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What is Kiln Furniture?

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  • Written By: Mary McMahon
  • Edited By: O. Wallace
  • Last Modified Date: 19 September 2016
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Kiln furniture is equipment which is used inside a kiln to support the ceramics and to create more space for firing. When a kiln is delivered, the space inside is entirely empty. It is up to the ceramicist to organize kiln furniture inside for each firing to accommodate pieces of various shapes and sizes. Most kiln manufacturers ship their products with a basic furniture kits, and are usually happy to add additional components by request. Extra furniture can also be ordered or purchased independently.

Not all kiln furniture is created equal. The companies which make it give it a cone rating, indicating the temperatures it can be safely used in, and the safety can be dictated by composition, thickness, and even shape. It's important to use the right kiln furniture, as problems with the furniture could ruin a whole firing. As many people have learned to their chagrin, a single error can be highly destructive, as seen when something explodes in the kiln and damages neighboring pieces.

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Shelves are the base unit of kiln furniture. They are designed to be set up with supports of varying heights. People can stack shelves and supports in many different configurations to accommodate a firing. It's important to think about the distribution of heat in the kiln and the types of objects being fired to ensure that the kiln furniture is properly arranged from the start. Fixing mistakes while loading the kiln can be time consuming, and it's easy to create a snowball effect with mistakes when it comes to reorganizing and rebalancing a kiln partway through the loading process.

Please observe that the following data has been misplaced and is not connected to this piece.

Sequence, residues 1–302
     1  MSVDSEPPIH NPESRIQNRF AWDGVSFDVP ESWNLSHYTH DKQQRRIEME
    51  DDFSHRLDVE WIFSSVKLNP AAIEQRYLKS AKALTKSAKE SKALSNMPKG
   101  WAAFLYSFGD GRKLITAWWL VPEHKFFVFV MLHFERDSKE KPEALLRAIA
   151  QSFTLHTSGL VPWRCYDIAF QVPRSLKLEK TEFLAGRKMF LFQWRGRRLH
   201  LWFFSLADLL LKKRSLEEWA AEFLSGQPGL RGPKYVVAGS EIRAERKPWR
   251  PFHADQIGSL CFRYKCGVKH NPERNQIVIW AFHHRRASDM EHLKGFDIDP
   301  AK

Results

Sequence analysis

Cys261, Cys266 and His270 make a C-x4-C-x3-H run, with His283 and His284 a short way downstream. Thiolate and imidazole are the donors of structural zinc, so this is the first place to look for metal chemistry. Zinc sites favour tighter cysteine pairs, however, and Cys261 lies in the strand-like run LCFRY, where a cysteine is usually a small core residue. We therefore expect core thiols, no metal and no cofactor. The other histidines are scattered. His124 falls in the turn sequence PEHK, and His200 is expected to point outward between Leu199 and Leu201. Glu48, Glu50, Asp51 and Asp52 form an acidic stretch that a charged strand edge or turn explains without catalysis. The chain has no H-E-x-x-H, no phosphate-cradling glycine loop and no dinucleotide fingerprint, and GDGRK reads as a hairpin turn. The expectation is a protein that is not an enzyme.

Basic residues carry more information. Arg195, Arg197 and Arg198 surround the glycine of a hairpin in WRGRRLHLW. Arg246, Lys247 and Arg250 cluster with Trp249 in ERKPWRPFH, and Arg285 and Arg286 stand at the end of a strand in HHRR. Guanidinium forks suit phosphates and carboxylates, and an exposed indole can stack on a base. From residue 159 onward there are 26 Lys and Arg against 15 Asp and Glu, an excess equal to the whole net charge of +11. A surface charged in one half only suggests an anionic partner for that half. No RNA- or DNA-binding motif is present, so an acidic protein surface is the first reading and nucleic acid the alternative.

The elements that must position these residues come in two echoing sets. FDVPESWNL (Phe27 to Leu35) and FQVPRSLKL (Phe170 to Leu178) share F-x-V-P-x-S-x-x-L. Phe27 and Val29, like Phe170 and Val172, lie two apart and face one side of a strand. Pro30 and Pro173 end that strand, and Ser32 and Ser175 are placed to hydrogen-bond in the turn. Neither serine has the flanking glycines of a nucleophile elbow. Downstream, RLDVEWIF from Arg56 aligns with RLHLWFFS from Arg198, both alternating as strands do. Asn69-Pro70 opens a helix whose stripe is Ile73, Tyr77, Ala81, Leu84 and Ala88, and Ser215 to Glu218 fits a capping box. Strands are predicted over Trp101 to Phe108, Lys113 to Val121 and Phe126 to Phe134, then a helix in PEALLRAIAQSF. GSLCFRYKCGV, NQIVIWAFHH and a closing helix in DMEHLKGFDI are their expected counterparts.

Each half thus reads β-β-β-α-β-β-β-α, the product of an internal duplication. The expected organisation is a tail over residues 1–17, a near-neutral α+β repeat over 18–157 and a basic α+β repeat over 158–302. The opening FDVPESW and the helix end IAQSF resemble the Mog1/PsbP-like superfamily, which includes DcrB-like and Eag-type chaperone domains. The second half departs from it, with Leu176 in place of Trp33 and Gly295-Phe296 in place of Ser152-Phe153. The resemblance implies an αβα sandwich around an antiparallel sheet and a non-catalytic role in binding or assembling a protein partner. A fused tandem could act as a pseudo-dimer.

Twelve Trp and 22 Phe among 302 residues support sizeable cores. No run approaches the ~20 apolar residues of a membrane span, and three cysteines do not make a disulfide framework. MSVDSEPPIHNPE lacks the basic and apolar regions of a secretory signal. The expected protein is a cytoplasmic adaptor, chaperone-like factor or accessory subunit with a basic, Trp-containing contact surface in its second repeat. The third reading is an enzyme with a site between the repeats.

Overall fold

In addition, one can also use stilts. Stilts are designed to keep glazed pieces away from the sides of the kiln and the kiln furniture. Drippy glaze can potentially fuse with shelves, supports, and parts of the kiln, creating a big and potentially costly mess. Stilts are used to stabilize and support pieces with specialized glazing to avoid this problem. Typically small marks are created where the arms of the stilts come into contact with the piece, but these can be eliminated after firing.

Periodically, kiln furniture can fail. It may crack if it gets too hot or if it is dropped, and it can be damaged by glaze drips and explosions inside the kiln. It is not a good idea to use damaged kiln furniture, as it may create problems in a firing.

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